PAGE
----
The average buy-to-let property has gained nearly £15,000 in value during the past year. What is behind this and what is expected for the private rented sector moving forward?
In the year from March 2020, the value of the private rented sector has increased by 5.8% to a whopping £1.4trn in England, Scotland and Wales. This is according to a report by mortgage lender Shawbrook Bank on the impact the COVID-19 pandemic has had on landlords and the buy-to-let sector.
Since the beginning of COVID-19 to March 2021, the average buy-to-let property increased in value by £14,500. This is a rise of 5.6%, which increased the average value to £259,000. This shows the strength the sector has seen despite a challenging year.
What’s behind this rise?
In the past year, the pandemic and subsequent government incentives have radically reshaped the property market. After the first national lockdown temporarily paused property transactions, the stamp duty holiday turbocharged the sector.
The property boom of the last year has driven up house prices. There has been high levels of demand paired with a lack of supply. These trends are also behind the growth within the private rented sector.
John Eastgate, managing director of property finance at Shawbrook Bank, comments: “Against the backdrop of the pandemic, the PRS has once again shown its strength and the important role it plays.
“Landlords are looking to expand their portfolios due to a combination of rising house prices, attractive yields and growing demand from tenants. Borrowing to help fund this expansion is an attractive option, with landlords presented with great choice and historically low mortgage costs.”
Where is the biggest returns for landlords?
In some regions, prices of the average buy-to-let property increased even more than the average for Great Britain. Wales led the way with an 11% rise. The north-west of England, which has seen particularly strong demand from tenants, buyers and investors, followed closely with a 10.7% increase. And Scotland saw 9.5% growth.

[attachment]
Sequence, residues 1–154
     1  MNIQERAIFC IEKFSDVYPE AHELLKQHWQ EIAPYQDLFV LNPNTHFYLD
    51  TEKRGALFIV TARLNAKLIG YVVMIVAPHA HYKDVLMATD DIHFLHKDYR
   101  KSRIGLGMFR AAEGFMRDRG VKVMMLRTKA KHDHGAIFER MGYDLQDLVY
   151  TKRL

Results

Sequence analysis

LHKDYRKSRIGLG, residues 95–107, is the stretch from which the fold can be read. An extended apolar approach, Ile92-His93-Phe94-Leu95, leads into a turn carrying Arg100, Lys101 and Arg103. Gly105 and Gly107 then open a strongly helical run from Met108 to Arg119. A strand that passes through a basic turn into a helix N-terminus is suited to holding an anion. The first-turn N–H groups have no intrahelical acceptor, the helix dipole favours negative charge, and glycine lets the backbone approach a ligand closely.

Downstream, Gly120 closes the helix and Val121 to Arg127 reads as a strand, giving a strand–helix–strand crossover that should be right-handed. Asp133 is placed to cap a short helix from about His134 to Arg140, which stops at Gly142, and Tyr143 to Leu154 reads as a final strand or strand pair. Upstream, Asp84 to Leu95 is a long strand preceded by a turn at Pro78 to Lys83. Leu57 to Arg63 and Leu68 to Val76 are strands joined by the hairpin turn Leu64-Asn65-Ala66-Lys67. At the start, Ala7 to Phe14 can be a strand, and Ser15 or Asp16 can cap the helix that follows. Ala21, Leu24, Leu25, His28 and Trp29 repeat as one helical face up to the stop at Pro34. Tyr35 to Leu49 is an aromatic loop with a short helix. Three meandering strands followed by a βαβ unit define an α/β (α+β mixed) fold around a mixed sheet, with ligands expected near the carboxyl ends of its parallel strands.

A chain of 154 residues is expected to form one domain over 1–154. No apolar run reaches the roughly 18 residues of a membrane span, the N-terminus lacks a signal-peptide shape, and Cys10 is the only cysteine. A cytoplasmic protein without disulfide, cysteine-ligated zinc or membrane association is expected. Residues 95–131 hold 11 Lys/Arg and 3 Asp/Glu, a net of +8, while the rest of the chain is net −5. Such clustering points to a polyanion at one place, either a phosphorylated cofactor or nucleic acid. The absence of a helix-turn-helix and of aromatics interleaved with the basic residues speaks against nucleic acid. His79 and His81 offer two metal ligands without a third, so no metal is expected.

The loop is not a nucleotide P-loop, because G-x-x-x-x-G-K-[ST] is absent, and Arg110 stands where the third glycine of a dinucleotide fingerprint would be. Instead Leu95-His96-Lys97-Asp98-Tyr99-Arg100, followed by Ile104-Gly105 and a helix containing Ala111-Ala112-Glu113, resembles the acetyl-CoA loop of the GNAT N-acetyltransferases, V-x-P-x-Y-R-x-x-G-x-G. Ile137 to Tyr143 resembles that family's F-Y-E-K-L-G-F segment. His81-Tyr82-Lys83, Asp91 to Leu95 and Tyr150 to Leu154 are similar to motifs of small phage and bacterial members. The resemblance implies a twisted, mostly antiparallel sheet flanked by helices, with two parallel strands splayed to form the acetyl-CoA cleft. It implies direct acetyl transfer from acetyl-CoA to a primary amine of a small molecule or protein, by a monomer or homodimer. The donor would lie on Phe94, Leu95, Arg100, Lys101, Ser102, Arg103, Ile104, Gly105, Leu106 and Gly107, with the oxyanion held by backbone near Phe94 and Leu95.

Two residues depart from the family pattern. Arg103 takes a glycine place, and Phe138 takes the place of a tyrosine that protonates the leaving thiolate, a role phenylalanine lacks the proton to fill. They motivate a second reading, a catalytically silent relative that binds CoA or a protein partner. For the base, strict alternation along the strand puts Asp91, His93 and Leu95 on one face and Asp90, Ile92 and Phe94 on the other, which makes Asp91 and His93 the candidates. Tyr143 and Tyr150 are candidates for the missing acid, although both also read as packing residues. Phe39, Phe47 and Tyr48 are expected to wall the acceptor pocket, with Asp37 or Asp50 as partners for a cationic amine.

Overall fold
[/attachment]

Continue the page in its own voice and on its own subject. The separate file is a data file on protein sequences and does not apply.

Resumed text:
As tenant demand has been at high levels, this is also pushing up rents and rental yields for landlords. For investors looking to buy their next rental property, Shawbrook Bank revealed the regions with the strongest rental yields.
Scotland is home to the best return with an average yield of 5.8%. The north-west comes in second with a yield of 5.5%, while Leeds followed closely with a 5.4% yield.
Additionally, more than half of tenants said they would even be prepared to pay more if the landlord undertook a renovation of the property. This could allow landlords to not only earn more through rental yields but add value to the property.
The future of the private rented sector
As the private rented sector has increased in value, the number of privately rented homes has actually decreased. The sector contracted by 2.6% over the last year, with privately rented properties now making up 17% of the overall UK housing stock.
The outlook of the private rented sector points to more growth moving forward. In the next year, more than a third of buy-to-let landlords are planning to purchase property. At the same time, two thirds of landlords are confident about the future. With the north of England seeing particularly strong rental yields, this will likely lead to more landlords investing there.
As a whole, the private rented sector continues to show its strength. And with people renting for longer, this shows the need for more high quality privately rented properties across the UK.
John Eastgate says: “While more first-time buyers have stepped onto the property ladder in the last year, the reality is that rising house prices mean more will continue to be locked out of home-ownership. This, coupled with disruption to employment and lagging wage inflation, will make it difficult for some to buy their own home.
“In addition, with more choosing to rent for the flexibility and freedom it offers, there is a clear need for professional landlords who can offer high quality accommodation.”